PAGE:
The term ‘climate change’ is not in the secondary A-level geography curriculum

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A few weeks back, in association with LCWO, the ECI / School of Geography hosted Professor Martin Evans, Chair of the A Level Content Advisory Board Geography panel 2014-2015, and Chair of the Conference of Heads of Geography in Higher Education since 2016.  The topic of his lecture: teaching goegraphy in a time of climate crisis.  Here are some things we learned:

 

There is no point in waiting for an updated geography curriculum – it won’t be redone for around a decade, and even when it is, it will be tweaks rather than huge change…

Professor Evans started his talk with a quick overview of the convoluted and long-ish (several years) process which ‘makes’ the geography curriculum, when it goes through a revision.  The most recent tweaks to the curriculum were finanlised in the years 2014-2016, first taught in September 2016, and first examined in 2018.  The next revision is due to be done in 2024, and that is aoonly the starting point for what will again be a drawn-out process, as it travels through consultations, approvals, and around the geography community.  In addition to a new curriculum not being imminent in our classrooms, Professor Evans was keen to stress that the process is an evolution and not a revolution – so even once it is updated, we shouldn’t hold our collective breath for anything particularly new.  The A-level geography curriculum is ‘not a place of radical innovation’.

In fact, teachers are likely to feel it is already moving fast enough, so calls for bringing forward an update are unlikely to be popular with the teaching community.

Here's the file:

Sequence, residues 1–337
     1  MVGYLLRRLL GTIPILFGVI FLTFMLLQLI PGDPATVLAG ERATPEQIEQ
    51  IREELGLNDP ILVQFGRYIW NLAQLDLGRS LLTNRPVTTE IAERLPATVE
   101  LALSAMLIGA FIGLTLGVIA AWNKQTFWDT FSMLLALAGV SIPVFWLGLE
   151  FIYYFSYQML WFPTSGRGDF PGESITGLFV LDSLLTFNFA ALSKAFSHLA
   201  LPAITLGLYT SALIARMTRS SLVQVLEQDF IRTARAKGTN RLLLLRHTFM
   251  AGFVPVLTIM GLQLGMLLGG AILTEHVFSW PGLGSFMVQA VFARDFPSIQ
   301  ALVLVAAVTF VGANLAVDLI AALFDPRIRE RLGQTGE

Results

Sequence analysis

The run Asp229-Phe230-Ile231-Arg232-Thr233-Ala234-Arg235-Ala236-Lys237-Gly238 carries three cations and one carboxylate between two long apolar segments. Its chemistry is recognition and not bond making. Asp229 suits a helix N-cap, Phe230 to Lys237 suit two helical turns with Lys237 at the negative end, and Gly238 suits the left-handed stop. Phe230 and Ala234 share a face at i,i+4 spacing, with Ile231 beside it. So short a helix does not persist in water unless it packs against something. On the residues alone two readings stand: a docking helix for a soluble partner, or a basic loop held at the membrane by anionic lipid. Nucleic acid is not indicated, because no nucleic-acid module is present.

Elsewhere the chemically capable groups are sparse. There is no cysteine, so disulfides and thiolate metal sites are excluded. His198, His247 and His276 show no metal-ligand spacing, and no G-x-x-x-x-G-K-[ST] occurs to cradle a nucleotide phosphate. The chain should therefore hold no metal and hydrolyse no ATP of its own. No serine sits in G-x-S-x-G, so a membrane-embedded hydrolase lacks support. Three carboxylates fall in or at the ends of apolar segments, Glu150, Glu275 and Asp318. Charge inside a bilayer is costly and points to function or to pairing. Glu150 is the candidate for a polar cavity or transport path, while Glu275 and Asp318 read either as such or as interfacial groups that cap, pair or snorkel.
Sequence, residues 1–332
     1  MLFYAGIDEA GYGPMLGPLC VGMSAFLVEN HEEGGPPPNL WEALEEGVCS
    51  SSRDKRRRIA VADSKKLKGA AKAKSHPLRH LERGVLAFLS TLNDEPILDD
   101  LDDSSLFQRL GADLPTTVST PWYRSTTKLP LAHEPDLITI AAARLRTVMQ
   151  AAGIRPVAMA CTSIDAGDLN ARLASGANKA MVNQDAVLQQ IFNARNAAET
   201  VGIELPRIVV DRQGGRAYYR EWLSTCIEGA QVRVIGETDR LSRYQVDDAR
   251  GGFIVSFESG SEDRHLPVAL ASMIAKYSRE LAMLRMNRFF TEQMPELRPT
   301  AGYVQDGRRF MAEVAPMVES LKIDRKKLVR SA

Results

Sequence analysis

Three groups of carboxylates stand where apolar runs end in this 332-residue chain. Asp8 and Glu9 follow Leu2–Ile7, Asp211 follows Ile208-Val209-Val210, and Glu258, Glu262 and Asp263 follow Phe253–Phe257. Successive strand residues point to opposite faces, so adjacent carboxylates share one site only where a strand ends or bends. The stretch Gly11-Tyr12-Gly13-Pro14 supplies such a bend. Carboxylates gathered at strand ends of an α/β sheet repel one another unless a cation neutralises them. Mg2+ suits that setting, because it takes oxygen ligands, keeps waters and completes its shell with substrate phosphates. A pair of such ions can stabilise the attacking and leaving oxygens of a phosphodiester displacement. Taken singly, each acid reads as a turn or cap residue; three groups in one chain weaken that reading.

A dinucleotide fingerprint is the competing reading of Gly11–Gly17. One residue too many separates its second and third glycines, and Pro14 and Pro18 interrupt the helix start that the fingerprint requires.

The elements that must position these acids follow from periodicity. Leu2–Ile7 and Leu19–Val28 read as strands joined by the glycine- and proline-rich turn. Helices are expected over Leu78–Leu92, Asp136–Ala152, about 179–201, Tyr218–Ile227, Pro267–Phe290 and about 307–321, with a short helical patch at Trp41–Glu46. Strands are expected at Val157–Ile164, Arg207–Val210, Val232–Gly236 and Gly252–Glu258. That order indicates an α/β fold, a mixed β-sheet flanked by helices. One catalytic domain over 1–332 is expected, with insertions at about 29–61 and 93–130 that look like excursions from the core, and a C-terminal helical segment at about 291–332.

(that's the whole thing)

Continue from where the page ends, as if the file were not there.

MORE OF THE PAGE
The term ‘climate change’ is not in the A-Level geography curriculum

The structure of the curriculum is 4 topics, in combination with a list of key concepts which have to be covered.  This list does not include ‘climate change’.  It does, however, as Professor Evans, pointed out, cover it indirectly – ‘sustainability’, ‘inequality’, ‘carbon cycle’ etc. In a moment which led to many an incredulous expression, Professor Evans speculated that the current curriculum in fact perhaps only got through the approval process because it does not mention ‘climate change’ directly, as inclusion of those words might have been considered ‘too political’.


The key to bringing the climate emergency into A-level geography is to use it to illustrate the listed key concepts which have to be covered – and how and whether to do that is up to the individual teacher

Professor Evans went on to provide a number of examples of how, when and where this might be done, should a teacher wish to bring the climate emergency into the lesson.

Examples:

Key concept: ‘thresholds’/’tipping points’

Way to include it: use the planetary boundaries concept to illustrate (Rokstrom et al 2009)

 

Key concept: ‘feedback’

Way to include it:  Amazon savannisation.  The Amazon rainforest needs rain to produce trees; it also needs trees to produce the rain, and roughly 30% of its own rainfall is produced by tree transpiration.  At 40% deforestation, the is the danger of savannisation.  This is a feedback loop as less trees –> less rain –> less trees; and in turn, it will become a net carbon-producing source instead of a sink.


The A-level project is also an opportunity to bring in climate change

Another part of the A-level is for students to do a project – and again, this is an opportunity to focus on climate.  Examples used: